Why PFAS Chemical Levels Rising Rapidly in Tucson Groundwater | Local News
“But to see a really big increase like that, I would suspect it’s some kind of pumping system” that’s causing the increase, he said.
However, if pumping can speed up the movement of a pollution “plume”, the proximity of these wells to a source of pollution is also likely a factor, said Christopher Higgins, professor of civil and environmental engineering at the Colorado School of Mines.
âIt’s no surprise that the levels are rising. It is perhaps a little surprising the rate they are increasing, âsaid Higgins, whose research focuses on the fate of PFAS in groundwater. “It really has to do with the flow of groundwater and the proximity to where the foam was released, and the fact that chemicals move easily through groundwater.”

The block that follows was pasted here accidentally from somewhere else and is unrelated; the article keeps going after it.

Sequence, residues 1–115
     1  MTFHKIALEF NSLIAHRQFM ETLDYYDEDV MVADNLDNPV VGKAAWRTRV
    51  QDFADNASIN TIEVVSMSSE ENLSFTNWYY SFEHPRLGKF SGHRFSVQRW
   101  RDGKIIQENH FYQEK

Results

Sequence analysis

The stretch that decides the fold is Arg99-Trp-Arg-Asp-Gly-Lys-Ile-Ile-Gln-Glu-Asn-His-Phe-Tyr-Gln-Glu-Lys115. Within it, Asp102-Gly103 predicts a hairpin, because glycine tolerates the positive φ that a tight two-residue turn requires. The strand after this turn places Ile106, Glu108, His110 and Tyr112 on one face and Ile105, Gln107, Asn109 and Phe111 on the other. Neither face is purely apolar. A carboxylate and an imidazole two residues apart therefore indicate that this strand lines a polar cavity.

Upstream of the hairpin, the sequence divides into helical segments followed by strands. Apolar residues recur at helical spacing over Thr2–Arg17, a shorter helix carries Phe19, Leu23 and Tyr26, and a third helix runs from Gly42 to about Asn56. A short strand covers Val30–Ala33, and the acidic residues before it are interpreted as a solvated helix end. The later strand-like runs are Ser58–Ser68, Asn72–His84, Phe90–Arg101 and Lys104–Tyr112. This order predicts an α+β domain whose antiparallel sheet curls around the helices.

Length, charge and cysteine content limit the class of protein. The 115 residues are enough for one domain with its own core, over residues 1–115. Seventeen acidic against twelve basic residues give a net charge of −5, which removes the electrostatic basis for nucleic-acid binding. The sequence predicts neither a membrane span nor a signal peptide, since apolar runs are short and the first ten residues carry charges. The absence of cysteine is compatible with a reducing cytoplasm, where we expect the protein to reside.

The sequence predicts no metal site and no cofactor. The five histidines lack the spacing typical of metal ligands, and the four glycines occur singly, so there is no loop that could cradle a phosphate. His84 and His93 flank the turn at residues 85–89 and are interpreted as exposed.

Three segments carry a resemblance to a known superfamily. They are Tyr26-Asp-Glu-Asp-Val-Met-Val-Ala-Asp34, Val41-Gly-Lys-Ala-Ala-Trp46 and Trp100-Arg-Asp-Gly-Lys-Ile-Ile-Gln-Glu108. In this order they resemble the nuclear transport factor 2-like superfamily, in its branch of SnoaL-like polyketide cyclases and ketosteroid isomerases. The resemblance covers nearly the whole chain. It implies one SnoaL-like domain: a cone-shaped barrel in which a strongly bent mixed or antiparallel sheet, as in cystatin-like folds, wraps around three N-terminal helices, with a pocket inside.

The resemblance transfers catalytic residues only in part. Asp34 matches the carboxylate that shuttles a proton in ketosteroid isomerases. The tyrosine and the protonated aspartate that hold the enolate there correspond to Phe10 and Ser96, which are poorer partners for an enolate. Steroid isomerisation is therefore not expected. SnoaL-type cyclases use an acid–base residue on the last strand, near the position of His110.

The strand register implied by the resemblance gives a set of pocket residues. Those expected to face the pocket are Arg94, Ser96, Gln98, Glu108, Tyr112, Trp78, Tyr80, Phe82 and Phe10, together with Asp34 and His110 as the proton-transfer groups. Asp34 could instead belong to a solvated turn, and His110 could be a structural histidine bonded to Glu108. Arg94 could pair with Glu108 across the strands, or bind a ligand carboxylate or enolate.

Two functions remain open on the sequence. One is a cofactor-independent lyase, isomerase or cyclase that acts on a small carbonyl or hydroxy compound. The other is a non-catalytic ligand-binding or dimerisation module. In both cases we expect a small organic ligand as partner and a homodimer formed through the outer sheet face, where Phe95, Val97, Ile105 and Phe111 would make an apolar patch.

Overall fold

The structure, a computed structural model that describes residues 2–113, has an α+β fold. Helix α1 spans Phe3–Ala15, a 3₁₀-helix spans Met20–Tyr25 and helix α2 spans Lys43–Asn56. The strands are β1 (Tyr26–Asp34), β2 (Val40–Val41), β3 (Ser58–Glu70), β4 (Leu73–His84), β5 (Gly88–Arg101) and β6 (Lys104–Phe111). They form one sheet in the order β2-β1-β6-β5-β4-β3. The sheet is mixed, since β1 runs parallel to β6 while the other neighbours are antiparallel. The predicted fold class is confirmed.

The most widely studied PFAS compounds, known as PFOA and PFOS, tend to move at rates “fairly comparable” in groundwater to that of TCE, which moves quite slowly, a. he declares.
But other varieties of PFAS, known as “short-chain compounds,” tend to move faster in groundwater, he said.
They have been used in place of other PFAS compounds in many cases because scientists believe they do not accumulate as much in human and animal tissues as others.
In these cases, PFAS do not adsorb and accumulate on the surfaces of underground soils. âIt moves with water. It’s just going faster, âsaid Bill Ellett, a retired hydrologist with the Arizona Department of Environmental Quality who now sits on an advisory board that oversees groundwater cleanup on the south side.